Agnes, as imagined in Hamnet, is the half-wild, unwanted stepdaughter of a spiteful widow who has prevailed on Will’s father to send his boy around to give her sons Latin lessons as payment for a debt. Agnes is whispered about and feared, including by her hateful stepmother. She knows things about herbs. She will not be courted. Her only friend, aside from her protective older brother, is a kestrel she has tamed and keeps hooded in their barn. O’Farrell depicts Agnes as brilliant, though illiterate, and able to know things in far more interesting and rare ways than reading. (Shakespeare reading to Agnes her dead mother’s notes about herbs is one of the scenes that absolutely makes me go heart eyes. OMG OTP, you guys.) Whatever an Elizabethan manic pixie dream girl is, that’s kind of what Agnes is. But if Shakespeare’s own heroines are any indication–Portia, Beatrice, Rosalind, Katherina–this version of Ann Hathaway very much scans as his type. 

There isn’t a lot outside Shakespeare’s plays to base any of this on, though O’Farrell is scrupulously candid about liberties she has taken, differences between her novel and to persons living and dead. Nevertheless, it’s more than fair to say O’Farrell idealizes the relationship of Agnes and Will, which far from subverting or threatening Shakespeare’s work, literally makes his theater career possible. It is Agnes who gives Will the motivation to leave for London and conspires with her brother to fool Shakespeare’s father into sending his son on business. It is Agnes who the famous playwright returns to, eager to reconcile, though she supernaturally perceives the affections of other women. They can sell this as a historical novel all they want; it is a romance. And a good one. A feast of one. Oh, did you not want a William Shakespeare sex scene? I’m sorry, but I assure you that you do.

Agnes, Hamnet, his twin sister Judith, sister Susanna all sit for O’Farrell’s intimate portraiture, but the one who never really gets to be center stage in Hamnet is Shakespeare himself. As alluded in the excerpt above, he is never called by name, only by his function and relationship to other people in his life. He is the Latin tutor, the son, Hamnet’s father, the glover’s boy. O’Farrell has good reasons for this, too:

And how, I wondered in a panic, could I expect readers to remain submerged in the narrative if I couldn’t even write his name without being startled out of it? 

The only answer was to do away with it altogether…

Maggie O’Farrell

It strikes me how O’Farrell’s decision to strip the legend from the man transforms the shade of Hamnet’s father into a flesh and blood person. It’s genius and it works. And it is the appropriate counterpoint after building up the person of Agnes, to put them on even footing, for richer, for poorer, etc. And so it becomes actually possible to have a sex scene with William Shakespeare. It becomes possible to hate him for not being there while his daughter and son suffer. It becomes possible to fall back in love with him, though you’re disappointed. No one could do any of that with William Shakespeare, could they?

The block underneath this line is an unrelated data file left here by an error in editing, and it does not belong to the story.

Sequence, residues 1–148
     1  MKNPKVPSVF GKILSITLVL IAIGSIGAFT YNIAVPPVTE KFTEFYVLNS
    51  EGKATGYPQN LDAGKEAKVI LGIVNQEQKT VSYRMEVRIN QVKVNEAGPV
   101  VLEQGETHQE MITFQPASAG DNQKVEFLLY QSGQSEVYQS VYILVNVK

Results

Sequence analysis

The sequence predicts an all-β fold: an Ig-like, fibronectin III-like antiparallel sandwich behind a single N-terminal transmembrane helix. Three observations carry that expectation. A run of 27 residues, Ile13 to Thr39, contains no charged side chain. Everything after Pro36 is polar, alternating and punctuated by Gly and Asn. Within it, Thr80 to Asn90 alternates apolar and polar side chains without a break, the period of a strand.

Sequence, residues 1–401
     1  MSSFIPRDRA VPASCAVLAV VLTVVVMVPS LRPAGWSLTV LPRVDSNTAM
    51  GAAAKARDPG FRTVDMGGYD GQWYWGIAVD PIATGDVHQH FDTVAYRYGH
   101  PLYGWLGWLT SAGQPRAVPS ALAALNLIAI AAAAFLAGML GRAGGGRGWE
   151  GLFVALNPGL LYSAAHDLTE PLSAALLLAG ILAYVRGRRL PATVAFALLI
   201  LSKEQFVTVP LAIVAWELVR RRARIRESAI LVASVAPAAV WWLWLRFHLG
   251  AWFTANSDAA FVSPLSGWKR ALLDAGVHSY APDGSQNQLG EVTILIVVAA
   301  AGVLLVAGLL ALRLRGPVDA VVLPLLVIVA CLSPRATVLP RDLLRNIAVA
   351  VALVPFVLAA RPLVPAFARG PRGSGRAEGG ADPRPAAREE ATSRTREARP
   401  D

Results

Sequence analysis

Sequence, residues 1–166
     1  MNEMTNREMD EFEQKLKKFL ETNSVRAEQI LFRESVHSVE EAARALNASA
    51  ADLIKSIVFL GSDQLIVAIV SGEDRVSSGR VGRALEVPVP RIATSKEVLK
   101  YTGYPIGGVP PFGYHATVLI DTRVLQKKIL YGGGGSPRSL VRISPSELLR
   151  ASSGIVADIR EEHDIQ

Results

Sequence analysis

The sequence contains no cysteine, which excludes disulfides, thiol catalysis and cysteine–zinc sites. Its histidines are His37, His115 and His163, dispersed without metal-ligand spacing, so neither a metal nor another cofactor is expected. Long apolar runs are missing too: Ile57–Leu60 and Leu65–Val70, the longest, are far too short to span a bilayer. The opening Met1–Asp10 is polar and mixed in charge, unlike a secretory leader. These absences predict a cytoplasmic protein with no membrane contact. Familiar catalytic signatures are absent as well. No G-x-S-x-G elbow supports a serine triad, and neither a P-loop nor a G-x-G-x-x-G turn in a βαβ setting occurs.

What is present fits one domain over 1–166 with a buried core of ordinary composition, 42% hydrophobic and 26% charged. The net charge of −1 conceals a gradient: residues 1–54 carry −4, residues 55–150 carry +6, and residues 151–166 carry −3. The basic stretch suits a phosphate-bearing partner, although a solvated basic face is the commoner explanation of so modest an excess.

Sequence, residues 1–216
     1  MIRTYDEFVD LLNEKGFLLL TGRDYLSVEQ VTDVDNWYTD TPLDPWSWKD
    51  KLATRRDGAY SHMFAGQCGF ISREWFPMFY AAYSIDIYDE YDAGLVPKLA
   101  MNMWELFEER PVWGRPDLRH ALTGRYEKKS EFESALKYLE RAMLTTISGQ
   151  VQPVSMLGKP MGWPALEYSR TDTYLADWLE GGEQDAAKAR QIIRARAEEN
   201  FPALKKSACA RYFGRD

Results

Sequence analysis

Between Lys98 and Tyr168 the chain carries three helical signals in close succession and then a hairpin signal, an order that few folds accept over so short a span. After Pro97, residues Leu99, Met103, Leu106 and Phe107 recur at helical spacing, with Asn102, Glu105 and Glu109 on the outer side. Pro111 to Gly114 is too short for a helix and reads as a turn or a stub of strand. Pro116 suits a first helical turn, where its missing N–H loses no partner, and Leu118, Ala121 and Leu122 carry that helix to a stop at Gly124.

So Hamnet: A Novel of the Plague is better said the love story of Hamnet’s parents, that story bisected by the tragic loss of their only son, which O’Farrell has decided to portray as due to the Black Death. Her reasoning for this, much as her reasoning for everything, depends on Shakespeare’s work, in which there is no mention of the plague at all. Considering how rampant the Black Death raged in Shakespeare’s England, she found that suggestive, much as Hamlet’s name is suggestive. It is careful, worshipful work she does here, and I love it even when I don’t believe it. And sometimes I really don’t! Is it really credible that Judith’s plague-weakened health was the reason Shakespeare’s household never joined him in London or that his wife’s brother would have been so instrumental in his purchase of New Place? How do we reconcile the suggestion of the supernatural in an otherwise naturalistic story? After learning about the play Hamlet from rural gossip, is it not fanciful to think Agnes would make the secret journey to witness a performance rather than communicate with her husband directly? And how could he have kept the writing secret from her, with her knife-keen insight into his soul? This may be more about my skepticism than any real flaw in the novel. But particularly after Hamnet’s death, I find it harder to see a reason for some events other than O’Farrell wanting them to happen. But then it is a romance. It is, basically, fanfic.

But there’s nothing wrong with fanfic. Shakespeare wrote fanfic. Hamlet itself, vent for a father’s grief that it very likely was, was still fanfic. Why shouldn’t Hamnet be? To call something fanfic or a romance is only to describe the inspiration and the scope of the story. It’s tone and quality that determines whether something passes as reputable or not, and O’Farrell’s writing itself is sublime, lyrical, glittering, exceptional. It’s confident prose, unafraid of being what it is, be it pulp or pith. She is Virginia Woolf’s Shakespeare’s sister’s revenge, and it is glorious. Perhaps the history is specious, but if it is, all Shakespearean scholarship is specious. Meanwhile, I am not sure that all Shakespearean scholarship pays as close attention to what is possible emotionally as it does parish records and manuscripts. And this may be the novel that inspires the next great discovery about the Bard’s life–maybe this time, starting with Shakespeare’s wife.

*It is called Hamnet and Judith in Canada, which is even better for my point.


Angela has a dual History/English degree, but the historians never really accepted her as one of them for a reason.